<p>All I am saying is he has a clear distaste for research at this point in life, so how did discussing a Ph.D. even become part of the discussion?</p>

<p>I have to disagree with you Inmotion12.
Research is part of the learning experience.
If you have 2 people, one with no research experience, and the other has at least involved a lab project, and both are undergraduate students, who would you take? Of course the one with research experience.</p>

<p>Research does not give you a ticket to get a job. When a manager wants to hire a person, he checks everything: everyone on your resume, your school transcript. If both are 4.0 students, the one with some research experience gets more credits because he spent times outside of classroom, and work in a laboratory. Whereas the guy who got 4.0 might be spending every hour that he gets to get 4.0. The manager does not care how harsh your teachers were. All they want is someone who can bring contribution.</p>

<p>Research is part of the application of knowledge.</p>

<p>I am not saying that research is mandatory. But there are tens of thousands of people with at least a BS / BE degree. Many of them have MS/ME, and even Ph.D.
Your potential employer does not want a theoretical person.l Even the theoretical physicists have to go through research, right?
Great that you get 4.0 in classes. But it does not mean that you can actually apply them correctly and efficiently in a real assignment.
Very often you will be glad that research experience will help you in your future employment.</p>

<p>To the poster: I am sorry for your experience. But actually this is what you will be doing as your career if you do get an offer. Most likely a yes, a similar situation.</p>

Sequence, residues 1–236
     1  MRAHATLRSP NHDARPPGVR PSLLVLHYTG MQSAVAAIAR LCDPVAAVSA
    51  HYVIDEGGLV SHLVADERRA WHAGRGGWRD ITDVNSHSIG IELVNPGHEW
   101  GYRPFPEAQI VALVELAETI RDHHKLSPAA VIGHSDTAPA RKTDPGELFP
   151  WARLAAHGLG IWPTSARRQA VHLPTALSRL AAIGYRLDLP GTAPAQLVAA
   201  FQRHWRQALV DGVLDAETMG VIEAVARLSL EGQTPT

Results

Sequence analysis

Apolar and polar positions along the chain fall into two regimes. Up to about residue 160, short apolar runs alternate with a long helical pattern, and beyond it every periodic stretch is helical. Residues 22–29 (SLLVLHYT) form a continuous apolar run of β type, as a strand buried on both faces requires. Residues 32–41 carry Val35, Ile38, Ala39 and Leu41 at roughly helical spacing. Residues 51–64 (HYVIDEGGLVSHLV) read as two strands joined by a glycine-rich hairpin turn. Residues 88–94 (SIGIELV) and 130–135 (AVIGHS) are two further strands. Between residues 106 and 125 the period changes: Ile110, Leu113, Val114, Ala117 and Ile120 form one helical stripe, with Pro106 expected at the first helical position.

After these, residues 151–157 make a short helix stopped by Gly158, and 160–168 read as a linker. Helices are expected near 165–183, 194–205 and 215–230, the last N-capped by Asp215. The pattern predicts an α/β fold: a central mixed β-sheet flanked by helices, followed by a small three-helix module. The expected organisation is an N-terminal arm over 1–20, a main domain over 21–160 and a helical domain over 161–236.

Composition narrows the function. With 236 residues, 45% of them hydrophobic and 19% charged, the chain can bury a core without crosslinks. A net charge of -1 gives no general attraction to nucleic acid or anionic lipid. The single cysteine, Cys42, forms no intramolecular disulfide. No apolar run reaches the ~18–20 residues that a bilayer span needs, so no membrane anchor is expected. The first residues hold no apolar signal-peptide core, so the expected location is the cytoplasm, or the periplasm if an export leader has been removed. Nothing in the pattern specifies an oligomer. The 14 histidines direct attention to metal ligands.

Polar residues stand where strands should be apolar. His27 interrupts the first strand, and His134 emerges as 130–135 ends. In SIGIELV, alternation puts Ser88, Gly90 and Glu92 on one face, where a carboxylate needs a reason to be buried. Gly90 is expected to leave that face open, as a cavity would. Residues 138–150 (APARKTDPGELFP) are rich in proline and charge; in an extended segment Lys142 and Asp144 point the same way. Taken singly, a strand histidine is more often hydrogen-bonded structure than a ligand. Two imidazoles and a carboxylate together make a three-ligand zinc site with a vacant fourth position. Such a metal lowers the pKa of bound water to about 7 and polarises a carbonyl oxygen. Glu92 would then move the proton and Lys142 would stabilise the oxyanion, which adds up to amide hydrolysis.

<p>The reason being that even if you are not in a laboratory, you will be looking at the same goddamn paper, draft, proposal over and over, and doing the same stupid calculations :) and then wonder why did my manager ban my proposals.</p>

<p>I think you might just have some bad experiences. But nonetheless, you should not give up on your study, and any opportunity.</p>

<p>"Correct me if I am wrong - because I have only heard this on unconfirmed posts on this forum - but don't most engineers only have a BS degree? I remember threads talking about how a Masters degree in engineering really only raised salary by 10k."</p>

<p>10K * 40 years is a lot of money. Worth the MS I'd think...</p>

<p>It doesn't quite work out that way. The value of the MS will decay with increased work experience. When you're a new graduate, you will get paid more for having a graduate degree. When you're on the job 20 years and an "expert" in your field it will be worth close to nothing as work experience will trump it many times over.</p>